Hospital Leader Accepts Job In Pennsylvania


Russell Judd, CEO of Payson Regional Medical Center for four years, has been transferred by PRMC's owner, Community Health Systems, to manage a larger facility in Berwick, Pa.

In the meantime, an interim CEO, Jim Sato, will take over the hospital's management until a successor is found and recruited, Judd said Monday.

"The offer came from out of the blue," Judd said. "That hospital became available, and I was contacted to determine if I was interested. I looked at all the options and felt that it was a good opportunity for me professionally, and that it would be a good community for my family."

Judd's intention, he added, had been "to stay in Payson forever. But this was presented in a way that it seemed to be the best for me and my family."

Judd will leave town right before his start date of Sept. 9 at the Berwick Hospital Center, and his family wife, Shawna, and children, Allison, 12, Benjamin, 10, Emily, 8, Haley, 3, and Hannah, 1 will leave two or three weeks after that, he said.

Berwick has a population of about 25,000, Judd said, but the Berwick Hospital Center serves all of Columbia County, an area in northeastern Pennsylvania with about 100,000 people.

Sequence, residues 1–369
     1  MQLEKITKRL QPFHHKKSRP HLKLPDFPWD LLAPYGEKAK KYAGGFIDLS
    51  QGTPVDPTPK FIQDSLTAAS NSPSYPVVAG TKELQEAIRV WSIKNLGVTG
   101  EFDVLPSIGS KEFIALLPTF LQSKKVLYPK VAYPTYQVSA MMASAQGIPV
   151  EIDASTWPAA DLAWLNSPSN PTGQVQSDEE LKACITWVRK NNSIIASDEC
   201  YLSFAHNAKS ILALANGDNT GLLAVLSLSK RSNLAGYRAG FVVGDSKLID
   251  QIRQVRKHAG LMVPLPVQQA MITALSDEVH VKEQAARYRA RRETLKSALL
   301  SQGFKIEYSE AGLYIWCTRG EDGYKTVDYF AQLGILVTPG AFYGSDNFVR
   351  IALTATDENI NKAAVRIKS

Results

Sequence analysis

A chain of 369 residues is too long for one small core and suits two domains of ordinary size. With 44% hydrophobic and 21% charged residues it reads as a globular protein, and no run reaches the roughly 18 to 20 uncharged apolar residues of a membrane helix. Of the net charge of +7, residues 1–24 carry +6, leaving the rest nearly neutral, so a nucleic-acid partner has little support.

The facility houses a 144-bed acute care hospital (compared to PRMC's 66 beds), a 240-bed nursing home, and home health and hospice agencies.

Berwick and PRMC are two of 59 hospitals that the Tennessee-based Community Health Systems operates in 20 states.

Since his family came to Payson from Barstow, Calif., in October of 1998, PRMC has grown in a number of ways which make him proud.

At the top of that list, Judd said, is "the focus that the entire hospital has placed on good, quality care and customer service. I think that the hospital (staff) has really taken it upon themselves to make sure that everybody that comes through the door gets treated with kindness, respect and the best quality care that can be delivered."

Second, he said, would be the recruitment of 22 physicians who "have added to and built upon a great foundation to making the care provided to the community that much better.

"And third, I think, would be the growth that the hospital has had. As an example, when I got here we were having about 150 surgeries a month; now we average about 420."

What Judd will miss most about Payson, he said, is the people.

"We've been here four years, and yet we feel like we've been in this community our entire lives," he said. "We've made great friends, we have great neighbors, a great church. Payson is the place where the people are the best. And of course we'll miss the climate because we'll be enduring those Pennsylvania winters."

"It's a shame to see him go," Pat Willis, chairman of the PRMC board of trustees, said. "He's been a benefit for the hospital. He brought us a long way in the time that he's been here in terms of improving the quality of staff, the quality of the facility, and the quality of health care for Payson and the surrounding communities.

"But while it's sad to see him go because he's done such a good job, you know how it is: when people do good things, good things happen to them."

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